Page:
On November 22, 2016, a ground-breaking article was published online in Cell, an internationally-renowned scientific journal, by the research groups of Professor George Fu Gao from the institute of Microbiology, Chinese Academy of Sciences (CAS), and Professor Xiangdong Li from China Agricultural University (CAU).The study was entitled: “Zika Virus Causes Testis Damage and Leads to Male Infertility in Mice”, and describes how infection with Zika virus in mice can lead to acute and chronic testicular damage, eventually leading to infertility.These findings provide new insight into the pathogenic mechanisms of Zika virus disease.
Currently, Zika virus infections are associated with microcephaly in newborns and Guillain-Barré Syndrome in humans.However, the study by Professors Gao and Li showthat Zika virus can also cross the blood-testes-barrier under certain conditions (ie. immunodeficiency), and infect the reproductive tract in male mice. Acute orchitis/epididymis was observed beginning at 8 days after infection along with decreased levels of testosterone, with symptoms persisting at 16 days after infection.At 30 days after infection, a breakdown in the morphology of the testes and disruption of the seminal vesicles can be observed, resulting in completely atrophied testes and seminal vesicles by 60 days after infection.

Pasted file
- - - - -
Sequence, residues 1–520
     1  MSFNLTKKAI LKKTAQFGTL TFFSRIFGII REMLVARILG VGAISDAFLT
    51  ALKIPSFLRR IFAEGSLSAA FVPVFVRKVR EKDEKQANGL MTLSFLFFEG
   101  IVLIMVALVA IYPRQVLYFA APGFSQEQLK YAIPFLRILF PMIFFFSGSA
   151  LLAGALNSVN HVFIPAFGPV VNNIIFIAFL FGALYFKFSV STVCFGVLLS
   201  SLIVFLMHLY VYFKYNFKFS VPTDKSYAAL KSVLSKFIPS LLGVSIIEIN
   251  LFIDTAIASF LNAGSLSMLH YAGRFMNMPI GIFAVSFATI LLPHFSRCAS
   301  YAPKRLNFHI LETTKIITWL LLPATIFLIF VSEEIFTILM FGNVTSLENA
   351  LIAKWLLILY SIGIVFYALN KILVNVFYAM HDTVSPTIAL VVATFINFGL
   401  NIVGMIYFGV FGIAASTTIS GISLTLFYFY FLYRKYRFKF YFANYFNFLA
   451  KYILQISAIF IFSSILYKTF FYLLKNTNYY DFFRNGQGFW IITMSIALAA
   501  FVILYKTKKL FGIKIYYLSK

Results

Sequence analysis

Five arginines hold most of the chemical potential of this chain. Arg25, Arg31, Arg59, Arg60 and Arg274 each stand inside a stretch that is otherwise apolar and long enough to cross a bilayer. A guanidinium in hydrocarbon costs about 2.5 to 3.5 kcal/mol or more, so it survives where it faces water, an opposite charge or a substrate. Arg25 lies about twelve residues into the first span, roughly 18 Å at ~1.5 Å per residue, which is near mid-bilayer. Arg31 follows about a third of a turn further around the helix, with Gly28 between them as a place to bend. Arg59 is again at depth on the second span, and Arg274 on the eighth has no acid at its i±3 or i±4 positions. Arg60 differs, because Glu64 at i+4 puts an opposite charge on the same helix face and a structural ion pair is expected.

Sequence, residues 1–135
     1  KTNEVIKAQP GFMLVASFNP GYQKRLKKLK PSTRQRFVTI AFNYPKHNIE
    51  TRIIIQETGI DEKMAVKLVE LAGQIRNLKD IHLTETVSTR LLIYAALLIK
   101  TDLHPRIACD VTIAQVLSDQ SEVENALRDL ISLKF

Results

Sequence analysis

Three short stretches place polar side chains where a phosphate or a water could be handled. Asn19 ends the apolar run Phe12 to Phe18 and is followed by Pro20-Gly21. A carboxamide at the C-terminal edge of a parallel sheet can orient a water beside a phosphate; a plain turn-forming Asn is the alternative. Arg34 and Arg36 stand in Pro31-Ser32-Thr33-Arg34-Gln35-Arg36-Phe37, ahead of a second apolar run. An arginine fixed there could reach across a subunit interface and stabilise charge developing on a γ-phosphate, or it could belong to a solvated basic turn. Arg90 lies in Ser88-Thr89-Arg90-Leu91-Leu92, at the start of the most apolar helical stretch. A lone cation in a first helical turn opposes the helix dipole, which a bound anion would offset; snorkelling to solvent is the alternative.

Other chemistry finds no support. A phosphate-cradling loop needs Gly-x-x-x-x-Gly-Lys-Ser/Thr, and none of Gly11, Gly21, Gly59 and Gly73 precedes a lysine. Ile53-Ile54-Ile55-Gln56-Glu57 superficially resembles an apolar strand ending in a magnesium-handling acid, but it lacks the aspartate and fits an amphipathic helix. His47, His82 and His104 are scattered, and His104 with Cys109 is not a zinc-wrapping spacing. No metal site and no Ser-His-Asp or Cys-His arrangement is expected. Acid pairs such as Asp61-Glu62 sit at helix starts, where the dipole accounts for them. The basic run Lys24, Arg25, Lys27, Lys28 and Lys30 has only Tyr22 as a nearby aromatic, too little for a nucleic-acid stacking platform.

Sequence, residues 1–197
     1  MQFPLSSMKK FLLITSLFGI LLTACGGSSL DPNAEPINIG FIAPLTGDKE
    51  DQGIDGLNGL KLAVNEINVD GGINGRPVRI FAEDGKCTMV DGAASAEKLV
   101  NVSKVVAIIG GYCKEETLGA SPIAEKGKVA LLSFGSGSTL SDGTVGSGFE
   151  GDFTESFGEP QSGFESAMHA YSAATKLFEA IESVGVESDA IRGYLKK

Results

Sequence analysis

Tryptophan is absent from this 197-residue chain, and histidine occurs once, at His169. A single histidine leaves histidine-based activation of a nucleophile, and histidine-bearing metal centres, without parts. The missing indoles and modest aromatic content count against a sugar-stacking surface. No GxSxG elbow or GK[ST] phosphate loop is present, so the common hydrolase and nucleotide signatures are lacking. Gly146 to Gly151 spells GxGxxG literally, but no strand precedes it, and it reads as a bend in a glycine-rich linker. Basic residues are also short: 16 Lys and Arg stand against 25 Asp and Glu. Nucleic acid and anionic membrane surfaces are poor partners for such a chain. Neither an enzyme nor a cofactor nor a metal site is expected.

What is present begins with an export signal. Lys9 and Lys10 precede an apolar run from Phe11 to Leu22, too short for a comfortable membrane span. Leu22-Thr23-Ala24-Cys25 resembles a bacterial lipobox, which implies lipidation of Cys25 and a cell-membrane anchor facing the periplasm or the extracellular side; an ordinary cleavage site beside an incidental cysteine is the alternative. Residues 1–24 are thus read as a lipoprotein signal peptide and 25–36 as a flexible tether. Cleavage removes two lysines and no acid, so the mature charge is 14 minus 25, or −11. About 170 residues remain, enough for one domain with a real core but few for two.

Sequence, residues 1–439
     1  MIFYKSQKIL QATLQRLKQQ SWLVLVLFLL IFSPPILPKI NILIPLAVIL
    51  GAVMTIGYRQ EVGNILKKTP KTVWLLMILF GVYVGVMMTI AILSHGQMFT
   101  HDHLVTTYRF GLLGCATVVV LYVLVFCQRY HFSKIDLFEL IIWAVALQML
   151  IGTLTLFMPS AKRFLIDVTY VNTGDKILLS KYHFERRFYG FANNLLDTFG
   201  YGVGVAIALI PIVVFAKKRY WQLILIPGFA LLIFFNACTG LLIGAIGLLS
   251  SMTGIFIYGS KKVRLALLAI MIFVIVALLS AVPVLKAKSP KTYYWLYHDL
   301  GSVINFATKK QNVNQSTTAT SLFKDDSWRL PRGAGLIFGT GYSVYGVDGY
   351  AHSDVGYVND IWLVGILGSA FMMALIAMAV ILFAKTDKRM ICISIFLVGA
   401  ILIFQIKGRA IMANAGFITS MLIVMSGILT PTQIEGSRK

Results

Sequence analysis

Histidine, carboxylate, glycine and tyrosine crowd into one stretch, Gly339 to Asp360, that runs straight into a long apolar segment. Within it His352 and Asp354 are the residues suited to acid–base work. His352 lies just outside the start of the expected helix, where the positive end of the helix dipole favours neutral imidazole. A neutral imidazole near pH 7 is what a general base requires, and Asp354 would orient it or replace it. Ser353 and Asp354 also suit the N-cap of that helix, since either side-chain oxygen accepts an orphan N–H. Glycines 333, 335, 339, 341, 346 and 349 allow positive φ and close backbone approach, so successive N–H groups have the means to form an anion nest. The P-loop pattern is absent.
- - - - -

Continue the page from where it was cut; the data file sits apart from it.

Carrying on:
Further studies show that Zika virus can infect the testes and epididymis, but not the prostates or seminal vesicles in the male reproductive tract.Specifically, Sertoli, Leydig, and epididymal epithelia cells secrete large quantities of cytokines/chemokines after Zika virus infection, which may have contributed to the observed damage in the testes/epididymis.In contrast, peritubular cells and spermatogonia did not secrete cytokines/chemokines after Zika virus infection, suggesting that these cells may harbour Zika virus, allowing the virus to persist in the male genital tract.
Zika virus is closely related to Dengue virus, Japanese encephalitis virus, and West Nile virus, all of which are transmitted primarily via mosquito bites.However, the observation that Zika virus can also persist in the semen of convalescent male patients suggest that this pathogen can also be sexually transmitted.The study by Professors Gao and Li supports this hypothesis, and highlights the fact that more studies are needed in order to completely understand all mechanisms of Zika virus pathogenesis.